Your dog may like to think he's in charge of what he eats and when, but you know that you ultimately are. Because pet owners are responsible for their dogs' diet, it's important to recognize the signs of canine obesity. But although 34% of dogs are overweight of obese, only 30-40% of their owners are aware of that.
Canine obesity is a serious problem that can significantly shorten your pet's lifespan, and cause significant issues. An overweight or obese dog is likely to suffer from musculoskeletal problems, cardiovascular issues, glucose tolerance imbalances, and exercise problems. These issues can reduce your pet's quality of life significantly, and it's all because of a little too much indulgence at the food bowl.
What Makes Dogs Fat?
Although it may seem oversimplified, most obesity issues among dogs come down to one simple formula: too much food, too little exercise. For busy pet owners, it's often difficult to pay attention to how much Fido is eating, and all too easy to cut a walk into a five-minute potty break.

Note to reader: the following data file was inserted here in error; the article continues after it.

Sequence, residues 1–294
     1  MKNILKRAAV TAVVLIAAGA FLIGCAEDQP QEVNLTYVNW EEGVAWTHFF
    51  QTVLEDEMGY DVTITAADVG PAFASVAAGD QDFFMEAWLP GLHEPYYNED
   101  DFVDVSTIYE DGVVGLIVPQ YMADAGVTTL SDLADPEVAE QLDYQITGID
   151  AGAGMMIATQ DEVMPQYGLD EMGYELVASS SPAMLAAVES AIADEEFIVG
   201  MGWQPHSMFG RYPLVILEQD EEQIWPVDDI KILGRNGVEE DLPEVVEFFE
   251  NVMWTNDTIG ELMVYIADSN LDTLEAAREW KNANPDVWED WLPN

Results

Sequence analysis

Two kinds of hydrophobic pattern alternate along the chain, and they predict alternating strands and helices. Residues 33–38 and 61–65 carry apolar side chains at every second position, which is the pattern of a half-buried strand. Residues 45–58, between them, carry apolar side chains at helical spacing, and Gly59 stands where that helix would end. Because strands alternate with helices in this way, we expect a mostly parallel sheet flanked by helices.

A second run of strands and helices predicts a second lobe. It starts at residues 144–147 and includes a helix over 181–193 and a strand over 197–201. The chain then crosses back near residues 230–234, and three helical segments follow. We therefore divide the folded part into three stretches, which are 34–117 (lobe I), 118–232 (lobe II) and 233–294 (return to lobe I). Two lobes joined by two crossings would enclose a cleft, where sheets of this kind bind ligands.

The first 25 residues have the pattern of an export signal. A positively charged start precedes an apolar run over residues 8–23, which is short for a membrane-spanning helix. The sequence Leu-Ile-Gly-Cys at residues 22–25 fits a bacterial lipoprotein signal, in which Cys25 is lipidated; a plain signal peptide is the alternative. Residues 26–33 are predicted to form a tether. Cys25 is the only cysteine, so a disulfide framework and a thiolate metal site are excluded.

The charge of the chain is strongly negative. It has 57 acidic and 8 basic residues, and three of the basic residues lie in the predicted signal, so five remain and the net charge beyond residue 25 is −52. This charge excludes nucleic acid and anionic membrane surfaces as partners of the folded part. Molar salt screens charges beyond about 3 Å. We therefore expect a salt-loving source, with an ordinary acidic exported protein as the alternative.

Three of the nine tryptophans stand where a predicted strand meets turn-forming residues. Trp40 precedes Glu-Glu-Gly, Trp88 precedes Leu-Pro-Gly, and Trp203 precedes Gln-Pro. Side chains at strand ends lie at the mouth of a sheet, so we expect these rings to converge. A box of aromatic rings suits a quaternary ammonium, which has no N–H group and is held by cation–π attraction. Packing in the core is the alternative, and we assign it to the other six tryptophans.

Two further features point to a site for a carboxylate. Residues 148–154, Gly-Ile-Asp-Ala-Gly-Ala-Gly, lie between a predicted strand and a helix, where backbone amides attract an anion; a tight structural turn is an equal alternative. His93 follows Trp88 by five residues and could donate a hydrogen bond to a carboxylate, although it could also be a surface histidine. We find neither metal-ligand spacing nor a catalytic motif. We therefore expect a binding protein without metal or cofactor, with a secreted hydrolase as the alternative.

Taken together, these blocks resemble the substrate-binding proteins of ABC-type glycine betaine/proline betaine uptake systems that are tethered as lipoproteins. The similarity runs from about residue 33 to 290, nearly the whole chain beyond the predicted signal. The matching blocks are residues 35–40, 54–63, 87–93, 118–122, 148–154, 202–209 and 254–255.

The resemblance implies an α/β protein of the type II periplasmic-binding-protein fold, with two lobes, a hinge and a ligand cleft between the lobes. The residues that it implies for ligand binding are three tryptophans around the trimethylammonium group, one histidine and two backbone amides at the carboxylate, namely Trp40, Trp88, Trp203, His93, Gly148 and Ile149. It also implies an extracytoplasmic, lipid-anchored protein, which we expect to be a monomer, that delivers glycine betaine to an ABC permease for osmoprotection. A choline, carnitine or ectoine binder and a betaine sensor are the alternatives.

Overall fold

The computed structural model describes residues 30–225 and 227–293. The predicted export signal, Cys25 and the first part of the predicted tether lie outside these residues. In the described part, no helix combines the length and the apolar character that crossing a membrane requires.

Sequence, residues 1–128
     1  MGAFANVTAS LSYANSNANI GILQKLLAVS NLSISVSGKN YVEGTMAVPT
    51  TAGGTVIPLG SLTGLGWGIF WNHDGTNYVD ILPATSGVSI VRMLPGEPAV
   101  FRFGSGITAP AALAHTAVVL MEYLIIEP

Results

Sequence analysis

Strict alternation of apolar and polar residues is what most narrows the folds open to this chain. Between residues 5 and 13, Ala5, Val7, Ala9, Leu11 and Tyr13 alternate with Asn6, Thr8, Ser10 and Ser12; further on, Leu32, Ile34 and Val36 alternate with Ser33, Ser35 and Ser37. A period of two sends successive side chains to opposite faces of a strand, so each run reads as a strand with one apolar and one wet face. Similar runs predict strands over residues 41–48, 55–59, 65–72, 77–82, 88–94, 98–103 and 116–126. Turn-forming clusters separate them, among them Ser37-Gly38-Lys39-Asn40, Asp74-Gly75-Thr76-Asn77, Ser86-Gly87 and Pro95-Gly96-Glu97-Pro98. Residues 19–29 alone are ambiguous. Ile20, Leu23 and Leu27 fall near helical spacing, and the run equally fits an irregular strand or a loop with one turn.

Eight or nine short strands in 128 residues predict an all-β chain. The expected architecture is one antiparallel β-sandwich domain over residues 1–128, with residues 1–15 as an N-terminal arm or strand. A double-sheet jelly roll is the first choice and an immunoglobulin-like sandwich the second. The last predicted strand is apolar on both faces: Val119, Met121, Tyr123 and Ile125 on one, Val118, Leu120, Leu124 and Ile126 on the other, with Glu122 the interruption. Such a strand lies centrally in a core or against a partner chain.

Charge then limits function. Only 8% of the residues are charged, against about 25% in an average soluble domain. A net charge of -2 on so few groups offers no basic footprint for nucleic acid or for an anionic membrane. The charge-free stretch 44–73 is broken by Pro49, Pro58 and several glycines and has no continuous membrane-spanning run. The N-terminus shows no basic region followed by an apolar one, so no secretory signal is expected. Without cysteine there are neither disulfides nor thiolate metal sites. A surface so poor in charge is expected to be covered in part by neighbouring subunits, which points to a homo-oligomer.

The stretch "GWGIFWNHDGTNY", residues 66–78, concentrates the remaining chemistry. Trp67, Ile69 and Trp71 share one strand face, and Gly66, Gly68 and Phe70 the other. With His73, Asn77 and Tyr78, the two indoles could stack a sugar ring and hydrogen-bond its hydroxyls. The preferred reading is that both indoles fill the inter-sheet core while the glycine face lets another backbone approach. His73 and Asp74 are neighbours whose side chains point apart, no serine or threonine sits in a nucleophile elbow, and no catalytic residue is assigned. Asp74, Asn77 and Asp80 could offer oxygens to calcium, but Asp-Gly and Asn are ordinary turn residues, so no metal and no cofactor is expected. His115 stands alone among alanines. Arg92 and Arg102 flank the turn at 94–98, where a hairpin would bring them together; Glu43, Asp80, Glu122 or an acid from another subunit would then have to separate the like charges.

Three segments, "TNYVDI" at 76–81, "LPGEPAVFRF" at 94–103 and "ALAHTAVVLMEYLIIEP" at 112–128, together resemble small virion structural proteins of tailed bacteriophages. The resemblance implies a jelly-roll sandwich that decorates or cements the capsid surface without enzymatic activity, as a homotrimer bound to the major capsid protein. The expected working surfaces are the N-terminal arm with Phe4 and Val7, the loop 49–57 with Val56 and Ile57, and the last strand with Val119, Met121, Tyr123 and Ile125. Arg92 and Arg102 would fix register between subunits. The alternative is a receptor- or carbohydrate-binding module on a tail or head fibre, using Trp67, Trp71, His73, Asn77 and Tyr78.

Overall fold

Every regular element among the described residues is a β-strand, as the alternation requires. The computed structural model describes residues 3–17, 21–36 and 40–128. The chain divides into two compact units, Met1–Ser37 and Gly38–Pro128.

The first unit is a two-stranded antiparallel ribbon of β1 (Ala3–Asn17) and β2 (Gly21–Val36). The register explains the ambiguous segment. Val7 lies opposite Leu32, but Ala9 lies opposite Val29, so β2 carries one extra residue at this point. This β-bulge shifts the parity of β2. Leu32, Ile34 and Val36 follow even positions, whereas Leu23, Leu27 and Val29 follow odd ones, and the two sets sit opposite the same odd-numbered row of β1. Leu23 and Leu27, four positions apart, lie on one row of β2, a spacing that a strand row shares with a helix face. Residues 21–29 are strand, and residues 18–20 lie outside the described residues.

Hormones, genetics, and reproductive status can also have a hand in your dog's overall health, but your attitude about your canine's weight can ultimately have the most impact. It's important to take the threat of health issues seriously as a pet owner and spot weight problems before they're difficult to reverse.
How to Help Your Dog Achieve Healthy Weight Loss
The good news? It's easier for dogs to lose weight than for humans. Dogs don't stop for a 400-calorie latte on their way home from work every day and aren't often tempted by fast food. Here are a few simple steps to help your dog lose weight:
- Talk to your vet to come up with a plan of action
- Purchase high-quality food, perhaps even a "diet" food, and control portions carefully
- Commit to spending more time outside exercising with your dog
With your vet's help and a little bit of commitment, your dog will be healthy in no time. Contact us if you need help along the way.